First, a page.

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How to Succeed in General Training Writing Task 1

As a requirement for migration purposes in many countries worldwide, thousands of people take the IELTS exam every year to validate their English language skills.  While some may find it easy, many others have difficulty, particularly in the Writing module.

The IELTS Writing test requires the test taker to finish two tasks within an hour’s time.  The first is a letter while the second task is an essay. Both essays are graded according to Task Achievement/Response, Clarity and Cohesion, Vocabulary, and Grammar.  While the Task 2 essay can be quite scary, due to the required length of the response (250 words), many GT test takers fail because they may have messed up in Task 1.

Now let’s look at Task 1 in detail, and explore how to succeed:

IELTS GT Writing Task 1

writing pad 300x174 - How to Succeed in General Training Writing Task 1

Starting to write is the hardest part.

The IELTS GT Writing Task 1 simulates letter writing, either an informal letter to a loved one or a formal one to a respected person (e.g. your boss or the manager of an establishment).  The recommended time to finish is 20 minutes, and there is a minimum word count of 150 words.

Informal Letters

In the informal tasks, the candidate may be required to write to a friend or a relative about something.  Sometimes the situation may be serious, while other times it may be quite light.  Since the letter is to someone personally known, the tone should generally be friendly.

The following are some sample questions:

You heard that a relative was recently hospitalized.  Write a letter to the family.  In your letter:

  • Inform them how you heard about the news.
  • Inquire about the status of your relative.
  • Ask them how you may be of help.

Your friend who lives in another country has an upcoming birthday.  Write a letter to your friend. In the letter:

  • Wish him/her a happy birthday.
  • Inquire about the birthday plans.
  • Give your birthday wishes.

Formal Letters

In the formal tasks, the candidate may be asked to write to a superior or a respected stranger to complain, inform, or request something.  Formal and respectful language is required, even if the purpose is to complain. Make sure not to use the same type of language (informal, slang) that you would use for an informal letter, as this would be considered a mistake.

The following are some sample questions:

A family member has recently come to town and is asking you to spend a few days with him/her.  Write a letter to your manager.  In your letter:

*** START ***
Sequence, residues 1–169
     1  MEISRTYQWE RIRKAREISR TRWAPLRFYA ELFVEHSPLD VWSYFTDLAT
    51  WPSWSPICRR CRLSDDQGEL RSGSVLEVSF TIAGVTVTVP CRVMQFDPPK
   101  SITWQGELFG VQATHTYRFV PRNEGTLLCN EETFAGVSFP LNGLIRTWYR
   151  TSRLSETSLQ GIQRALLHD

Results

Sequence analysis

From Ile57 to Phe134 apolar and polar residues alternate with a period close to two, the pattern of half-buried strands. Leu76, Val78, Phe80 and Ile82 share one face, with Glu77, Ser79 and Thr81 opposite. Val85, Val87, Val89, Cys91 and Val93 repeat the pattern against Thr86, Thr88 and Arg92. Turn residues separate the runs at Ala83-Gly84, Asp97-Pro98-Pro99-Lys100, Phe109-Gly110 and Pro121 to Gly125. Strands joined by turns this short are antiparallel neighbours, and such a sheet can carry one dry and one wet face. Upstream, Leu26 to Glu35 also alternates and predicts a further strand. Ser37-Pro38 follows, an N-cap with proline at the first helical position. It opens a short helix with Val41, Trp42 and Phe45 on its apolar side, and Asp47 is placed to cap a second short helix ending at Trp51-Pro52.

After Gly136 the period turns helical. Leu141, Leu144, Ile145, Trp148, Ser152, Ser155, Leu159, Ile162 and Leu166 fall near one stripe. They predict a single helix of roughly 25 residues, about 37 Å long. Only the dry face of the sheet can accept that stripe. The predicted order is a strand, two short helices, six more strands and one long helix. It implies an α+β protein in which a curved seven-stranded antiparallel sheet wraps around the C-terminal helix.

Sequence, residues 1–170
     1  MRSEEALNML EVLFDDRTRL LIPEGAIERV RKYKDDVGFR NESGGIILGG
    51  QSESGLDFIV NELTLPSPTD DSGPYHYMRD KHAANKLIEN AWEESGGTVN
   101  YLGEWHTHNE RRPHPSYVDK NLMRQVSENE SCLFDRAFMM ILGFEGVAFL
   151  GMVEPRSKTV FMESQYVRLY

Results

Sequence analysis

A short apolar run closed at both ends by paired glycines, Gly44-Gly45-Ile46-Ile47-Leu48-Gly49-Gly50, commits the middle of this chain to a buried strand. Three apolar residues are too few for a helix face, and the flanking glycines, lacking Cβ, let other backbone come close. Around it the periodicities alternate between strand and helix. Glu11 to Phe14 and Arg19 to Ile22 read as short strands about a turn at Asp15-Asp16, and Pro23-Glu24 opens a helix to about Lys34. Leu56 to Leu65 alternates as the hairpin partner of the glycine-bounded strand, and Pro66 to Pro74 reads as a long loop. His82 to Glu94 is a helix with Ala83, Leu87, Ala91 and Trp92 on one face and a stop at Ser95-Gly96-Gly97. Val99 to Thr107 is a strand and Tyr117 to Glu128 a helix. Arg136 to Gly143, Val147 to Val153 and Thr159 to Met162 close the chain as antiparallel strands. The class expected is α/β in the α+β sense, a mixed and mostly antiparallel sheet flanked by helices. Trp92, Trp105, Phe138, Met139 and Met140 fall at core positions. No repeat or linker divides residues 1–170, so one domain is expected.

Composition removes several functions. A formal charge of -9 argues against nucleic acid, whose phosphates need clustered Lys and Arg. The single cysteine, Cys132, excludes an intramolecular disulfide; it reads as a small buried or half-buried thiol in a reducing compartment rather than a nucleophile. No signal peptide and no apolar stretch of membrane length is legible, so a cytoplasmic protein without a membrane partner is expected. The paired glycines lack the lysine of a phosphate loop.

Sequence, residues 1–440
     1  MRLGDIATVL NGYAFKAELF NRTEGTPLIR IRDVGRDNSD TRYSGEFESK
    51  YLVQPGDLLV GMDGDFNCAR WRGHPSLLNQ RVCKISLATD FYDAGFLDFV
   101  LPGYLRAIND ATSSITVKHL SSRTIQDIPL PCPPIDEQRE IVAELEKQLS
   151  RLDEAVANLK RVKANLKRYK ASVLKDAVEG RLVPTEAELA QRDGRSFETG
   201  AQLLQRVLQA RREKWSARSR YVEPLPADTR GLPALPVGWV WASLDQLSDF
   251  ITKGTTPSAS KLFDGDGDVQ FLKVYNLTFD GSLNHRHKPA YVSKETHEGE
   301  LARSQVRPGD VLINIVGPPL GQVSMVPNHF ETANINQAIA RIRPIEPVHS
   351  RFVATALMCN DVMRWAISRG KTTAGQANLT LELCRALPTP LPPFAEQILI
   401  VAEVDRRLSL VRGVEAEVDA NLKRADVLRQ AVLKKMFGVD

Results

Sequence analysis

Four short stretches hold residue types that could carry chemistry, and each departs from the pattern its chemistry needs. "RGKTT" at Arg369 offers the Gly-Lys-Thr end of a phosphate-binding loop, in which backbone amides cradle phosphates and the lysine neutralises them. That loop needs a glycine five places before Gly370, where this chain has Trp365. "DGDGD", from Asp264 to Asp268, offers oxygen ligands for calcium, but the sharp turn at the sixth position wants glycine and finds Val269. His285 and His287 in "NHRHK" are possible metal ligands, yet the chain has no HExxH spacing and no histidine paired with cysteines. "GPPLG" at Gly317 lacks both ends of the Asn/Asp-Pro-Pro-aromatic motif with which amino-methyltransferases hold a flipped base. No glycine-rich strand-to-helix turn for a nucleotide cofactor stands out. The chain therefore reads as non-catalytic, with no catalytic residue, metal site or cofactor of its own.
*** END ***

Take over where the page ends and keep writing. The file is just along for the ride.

• Inform him/her about your relative’s request.
  • Ask for a leave of absence.
  • Tell him/her what plans you have for your missed work.

You just came home from a vacation.  Though you enjoyed your trip, you were unhappy with the bus ride home.  Write a letter to the bus company. In the letter:

  • Give them details about your trip.
  • Inform them of the problem(s).
  • Tell them what should be done.

7 Things to Consider for GT Writing Task 1

  1. Brainstorm before you write

Time is a major issue for many GT test takers.  This is because they spend much time in the middle of their letter, thinking about what to write.  In the end, the letter may be confusing or even incomplete.

To prevent this, it is best to brainstorm and write your ideas down first before you start writing.  Writing the letter then becomes easier as you can just follow your notes rather than trying to recall what needs to be written down.

An incomplete letter is particularly dangerous as all conditions must be answered.  If even just one of the conditions is unanswered, then the chances of getting a good score drop significantly. Making notes before you start writing ensures that you do not forget to address any of the required points.

  1. Make it realistic

    thank you letter 300x199 - How to Succeed in General Training Writing Task 1

    A thank you letter.

Another mistake is not making the letter realistic.  Due to the time pressure, fear of Task 2, or a lack of imagination, many GT Task 1 letters are not realistic enough to get a good score.

For example, if the task asked for an item of clothing to be purchased, one would expect to see a letter giving clear details as to what it is; what design and size to buy; where to get it; and the cost.  But many candidate’s letters give very vague information like the following:

… By the way, I forgot to purchase a souvenir t-shirt for my dad.  Please get one at the local store.  I guess something dark would be nice. I’ll pay you via bank deposit …

If it were a real letter then much more would obviously be expected, especially as it is a souvenir for one’s parent.  Hence, the test taker should not expect a high score for their Task Achievement.  Additionally, such vague and simple details means the Vocabulary and Grammar score will not be that high either. Use this opportunity to be descriptive with your writing, employing some appropriate adjectives.